We all know - and have possibly heard it said multiple times (not just in this blog series) - that yoga is good for the body; that it can support myriad conditions and is even a type of preventive medicine. But what exactly are the benefits of yoga for arthritis? And - what exactly is arthritis?
Let me enlighten you.
There are various forms of arthritis, although the most common is osteoarthritis (OA). This is the wear-and-tear variety of arthritis that tends to affects the fingers joints, back, neck, knees and hips.
In an affected join, the protective, lubricating cartilage is worn down and damaged, causing pain and swelling as bone rubs on bone in movement. This damage occurs through bad posture, old sports injuries, repetitive work habits (such as holding a phone between ear and shoulder) and genetic factors. It affects men and women equally and tends to occur in later years.
Less common is rheumatoid arthritis (RA). This is an autoimmune inflammatory disease that leads to inflammation - swelling and redness of the joints. If left unchecked it can lead to joint deformities as the body continually builds bone in the affected area in response to the inflammation. According to the Iyengar specialist, researcher and author Marian Garfinkel, women are more likely to develop RA and it can come on at an early age.
What are the Benefits of Yoga for Arthritis?
From a yogic understanding wear and tear on the joints, the factors that cause damage to the joints, is caused by how the body moves, sits and stands.
Misaligned movement causes undue, uneven wear on the joints as a result of a misalignment of bones, poor posture, dysfunctional movement patterns and a lack of body awareness. All these factors overlap and combine to degrade the cartilage surrounding the bone joints. And all of these are issues that yoga can help to correct.
“Yoga is one of the most effective ways to improve posture ever invented.”
- Marian Garfinkel
In fact, the meditative, mindful practice of yoga-asana is particularly effective to help prevent or minimise the erosion of the cartilage in OA and reduce inflammation in RA. It increases an easier range of movement and decreases pain in the affected joints.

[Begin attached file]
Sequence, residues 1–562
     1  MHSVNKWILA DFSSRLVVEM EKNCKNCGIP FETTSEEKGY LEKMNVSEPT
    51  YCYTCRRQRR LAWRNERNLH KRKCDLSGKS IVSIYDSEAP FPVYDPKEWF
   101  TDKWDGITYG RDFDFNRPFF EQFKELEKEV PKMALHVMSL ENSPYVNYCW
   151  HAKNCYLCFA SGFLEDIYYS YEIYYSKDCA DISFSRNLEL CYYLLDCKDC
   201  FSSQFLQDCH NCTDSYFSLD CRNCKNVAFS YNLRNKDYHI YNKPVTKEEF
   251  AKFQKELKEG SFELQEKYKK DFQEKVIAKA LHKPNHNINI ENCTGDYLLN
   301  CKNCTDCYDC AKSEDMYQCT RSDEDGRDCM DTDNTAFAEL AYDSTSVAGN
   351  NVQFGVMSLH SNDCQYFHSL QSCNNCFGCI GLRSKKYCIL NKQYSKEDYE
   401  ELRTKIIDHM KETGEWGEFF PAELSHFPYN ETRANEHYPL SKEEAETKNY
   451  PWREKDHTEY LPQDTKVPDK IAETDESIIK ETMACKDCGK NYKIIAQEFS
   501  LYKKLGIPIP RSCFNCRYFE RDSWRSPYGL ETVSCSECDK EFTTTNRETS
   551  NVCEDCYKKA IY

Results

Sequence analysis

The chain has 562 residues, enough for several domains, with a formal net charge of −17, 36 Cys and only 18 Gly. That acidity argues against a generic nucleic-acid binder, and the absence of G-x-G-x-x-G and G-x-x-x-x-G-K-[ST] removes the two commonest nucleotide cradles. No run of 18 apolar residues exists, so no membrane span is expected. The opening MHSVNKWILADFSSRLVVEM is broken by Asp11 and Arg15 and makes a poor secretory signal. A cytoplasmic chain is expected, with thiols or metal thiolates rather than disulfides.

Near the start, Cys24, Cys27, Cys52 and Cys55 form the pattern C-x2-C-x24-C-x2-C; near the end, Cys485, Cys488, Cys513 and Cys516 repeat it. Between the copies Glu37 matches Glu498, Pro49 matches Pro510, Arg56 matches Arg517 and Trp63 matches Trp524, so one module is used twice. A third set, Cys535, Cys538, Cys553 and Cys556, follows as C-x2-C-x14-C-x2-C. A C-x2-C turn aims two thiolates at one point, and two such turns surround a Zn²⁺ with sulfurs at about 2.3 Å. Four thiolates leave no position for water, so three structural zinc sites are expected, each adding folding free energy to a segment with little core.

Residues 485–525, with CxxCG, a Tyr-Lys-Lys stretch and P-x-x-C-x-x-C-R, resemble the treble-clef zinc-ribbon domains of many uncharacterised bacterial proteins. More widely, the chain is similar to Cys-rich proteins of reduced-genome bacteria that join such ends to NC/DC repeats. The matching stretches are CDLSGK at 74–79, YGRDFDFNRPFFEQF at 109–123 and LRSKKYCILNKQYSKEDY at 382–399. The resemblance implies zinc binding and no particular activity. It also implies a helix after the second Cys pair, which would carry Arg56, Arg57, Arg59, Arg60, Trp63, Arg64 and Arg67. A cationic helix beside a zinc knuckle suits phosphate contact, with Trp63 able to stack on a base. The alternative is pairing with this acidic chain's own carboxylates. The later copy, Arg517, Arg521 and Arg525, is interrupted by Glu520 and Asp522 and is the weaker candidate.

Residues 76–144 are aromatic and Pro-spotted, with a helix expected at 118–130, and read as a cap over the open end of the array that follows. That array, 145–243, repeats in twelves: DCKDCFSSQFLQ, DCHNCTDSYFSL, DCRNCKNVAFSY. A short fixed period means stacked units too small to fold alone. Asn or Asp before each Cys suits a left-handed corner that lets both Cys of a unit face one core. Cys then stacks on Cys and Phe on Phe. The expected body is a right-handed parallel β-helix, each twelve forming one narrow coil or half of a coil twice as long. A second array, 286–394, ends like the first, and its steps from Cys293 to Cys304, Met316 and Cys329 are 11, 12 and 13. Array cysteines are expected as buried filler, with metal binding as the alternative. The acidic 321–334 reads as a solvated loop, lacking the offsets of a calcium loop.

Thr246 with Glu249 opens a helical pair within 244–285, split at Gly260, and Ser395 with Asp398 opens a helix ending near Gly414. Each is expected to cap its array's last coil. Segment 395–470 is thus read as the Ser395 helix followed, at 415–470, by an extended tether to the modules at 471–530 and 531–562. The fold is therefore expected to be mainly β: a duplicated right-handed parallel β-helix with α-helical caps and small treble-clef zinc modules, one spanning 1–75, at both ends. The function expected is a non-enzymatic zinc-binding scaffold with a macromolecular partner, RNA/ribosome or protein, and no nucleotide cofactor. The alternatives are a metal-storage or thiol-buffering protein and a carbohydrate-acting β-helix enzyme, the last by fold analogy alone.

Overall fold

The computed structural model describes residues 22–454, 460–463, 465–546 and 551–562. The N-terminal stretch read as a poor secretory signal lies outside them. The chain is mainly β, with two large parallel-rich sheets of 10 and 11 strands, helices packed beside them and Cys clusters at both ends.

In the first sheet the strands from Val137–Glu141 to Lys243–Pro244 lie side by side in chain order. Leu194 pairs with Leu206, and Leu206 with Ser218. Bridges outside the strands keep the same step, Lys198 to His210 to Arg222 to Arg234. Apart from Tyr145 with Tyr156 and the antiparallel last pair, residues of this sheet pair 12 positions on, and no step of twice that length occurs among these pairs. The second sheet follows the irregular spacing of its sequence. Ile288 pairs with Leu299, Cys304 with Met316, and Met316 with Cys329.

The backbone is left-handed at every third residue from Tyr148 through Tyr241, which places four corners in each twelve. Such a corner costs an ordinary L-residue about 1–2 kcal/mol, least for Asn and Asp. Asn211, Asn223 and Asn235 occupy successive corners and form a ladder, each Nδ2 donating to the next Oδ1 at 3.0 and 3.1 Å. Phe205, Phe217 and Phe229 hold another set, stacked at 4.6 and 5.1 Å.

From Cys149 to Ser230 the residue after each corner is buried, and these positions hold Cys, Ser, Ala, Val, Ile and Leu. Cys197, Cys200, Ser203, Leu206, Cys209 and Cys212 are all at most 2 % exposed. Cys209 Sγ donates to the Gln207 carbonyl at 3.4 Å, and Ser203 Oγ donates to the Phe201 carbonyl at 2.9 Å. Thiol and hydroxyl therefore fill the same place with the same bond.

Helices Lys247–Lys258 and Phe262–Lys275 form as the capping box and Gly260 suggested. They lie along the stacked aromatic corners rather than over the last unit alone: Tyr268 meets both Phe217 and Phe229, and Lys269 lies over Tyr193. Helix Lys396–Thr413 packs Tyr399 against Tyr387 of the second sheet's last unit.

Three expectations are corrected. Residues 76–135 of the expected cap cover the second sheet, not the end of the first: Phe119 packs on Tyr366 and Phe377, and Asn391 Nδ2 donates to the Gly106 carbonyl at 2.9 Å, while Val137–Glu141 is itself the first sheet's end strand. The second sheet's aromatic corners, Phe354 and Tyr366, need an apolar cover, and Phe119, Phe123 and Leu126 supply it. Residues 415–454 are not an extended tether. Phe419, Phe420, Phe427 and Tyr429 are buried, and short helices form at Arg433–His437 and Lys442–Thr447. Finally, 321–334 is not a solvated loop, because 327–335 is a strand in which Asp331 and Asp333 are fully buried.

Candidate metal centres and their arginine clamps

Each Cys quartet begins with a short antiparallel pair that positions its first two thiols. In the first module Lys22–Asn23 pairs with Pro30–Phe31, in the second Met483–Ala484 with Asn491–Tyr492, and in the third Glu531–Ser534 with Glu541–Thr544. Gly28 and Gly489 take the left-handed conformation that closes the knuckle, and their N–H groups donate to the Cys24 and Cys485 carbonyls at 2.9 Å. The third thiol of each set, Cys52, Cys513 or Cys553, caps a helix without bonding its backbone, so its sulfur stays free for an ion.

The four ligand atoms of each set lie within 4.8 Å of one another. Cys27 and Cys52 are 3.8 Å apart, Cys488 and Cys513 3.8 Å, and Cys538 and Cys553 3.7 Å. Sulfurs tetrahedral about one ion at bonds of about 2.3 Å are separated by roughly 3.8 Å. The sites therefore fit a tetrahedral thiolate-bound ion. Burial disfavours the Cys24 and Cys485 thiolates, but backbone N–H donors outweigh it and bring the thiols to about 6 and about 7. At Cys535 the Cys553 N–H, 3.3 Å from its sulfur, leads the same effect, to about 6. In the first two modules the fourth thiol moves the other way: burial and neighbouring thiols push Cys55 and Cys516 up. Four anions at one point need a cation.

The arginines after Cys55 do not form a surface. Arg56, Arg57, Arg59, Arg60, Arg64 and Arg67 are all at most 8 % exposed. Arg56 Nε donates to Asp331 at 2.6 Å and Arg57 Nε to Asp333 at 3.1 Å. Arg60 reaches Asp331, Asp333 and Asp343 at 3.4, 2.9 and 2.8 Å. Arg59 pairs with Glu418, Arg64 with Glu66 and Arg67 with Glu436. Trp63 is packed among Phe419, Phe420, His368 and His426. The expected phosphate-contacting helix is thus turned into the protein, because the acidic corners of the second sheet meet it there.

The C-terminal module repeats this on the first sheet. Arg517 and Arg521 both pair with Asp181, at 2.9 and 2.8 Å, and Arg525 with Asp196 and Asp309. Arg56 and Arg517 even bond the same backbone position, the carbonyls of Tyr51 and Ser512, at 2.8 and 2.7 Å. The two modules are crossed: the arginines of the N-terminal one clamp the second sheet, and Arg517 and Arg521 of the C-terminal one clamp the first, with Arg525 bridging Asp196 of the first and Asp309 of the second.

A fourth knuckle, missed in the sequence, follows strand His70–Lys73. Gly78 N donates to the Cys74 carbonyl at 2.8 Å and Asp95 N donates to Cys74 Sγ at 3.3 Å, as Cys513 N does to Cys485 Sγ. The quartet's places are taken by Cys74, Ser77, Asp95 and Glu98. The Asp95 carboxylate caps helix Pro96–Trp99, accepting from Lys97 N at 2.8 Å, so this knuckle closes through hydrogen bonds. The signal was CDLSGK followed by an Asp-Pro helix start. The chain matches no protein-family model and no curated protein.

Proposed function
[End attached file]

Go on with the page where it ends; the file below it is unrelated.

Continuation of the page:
Increasing movement is a key factor in how yoga supports the arthritic body. It is tempting, when in pain, to avoid movement in the affected joints. However, it has been shown that a lack of activity weakens muscles and thus further exaggerates loss of joint movement. This vicious cycle is referred to as “decreased range of motion.” Gentle movements under the supervision of a qualified yoga practitioner can end this cycle.
Additionally, for those of you whose arthritis is severe, the practice of yoga (including breath work, meditation and mindfulness as well as asana) can teach you how better to cope with any pain that cannot be fully irradiated. Seasoned meditators seem equipped to regulate their reaction to pain - still feeling the pain yet being less affected by it.
Another benefit of yoga for arthritis is that regular asana practice can help you become aware of maladaptive patterns of movement and help to change them. Because of the nature of yogic movements it serves to build body awareness. Unless you have a background in dance, or similar discipline, you possibly have little idea of what your knees or hips are doing when you sit, stand or walk.
Do you notice how your kneecaps track when you bend your knee along a certain axis of movement for example?
Or do you notice your back, neck and shoulders as you sit at your laptop, or repeatedly look down at your device?
The good news is that yoga can get you out of any unhealthy grooves (known as samskaras in Sanskrit) both figuratively and literally.
Effectively, and even more beneficially, yoga works as a form of preventative medicine for arthritis by taking your joints through a wide range of motion, introducing new and healthier samskaras (grooves) in your body-mind. On a physiological level this movement spreads the lubricating synovial fluid which is continually secreted into the joint by the synovial lining, when in motion. This covers the surface of cartilage that overlays the bones. A well lubricated cartilage surface means that the joints glide over each other, reducing wear and tear.
“Asana is also great preventative medicine. Most people who aren’t actively working to maintain flexibility in their muscles and other tissues, and range of motion in their joints become more restricted as they age.”
- Marian Garfinkel
Moreover, joint movement brings a fresh supply of nutrients into the cartilage, which is not served by a direct blood supply. This works with what yogis call the “wring and soak” principle. Imagine the cartilage between your bones as a sponge that is squeezed by the movement of your joints. Spent synovial fluid that has been depleted of nutrients in wrung out of the joint as it moves. When it returns to a neutral position and the compression is released, the stale fluid leaves, bringing in a fresh supply of fluid to the area.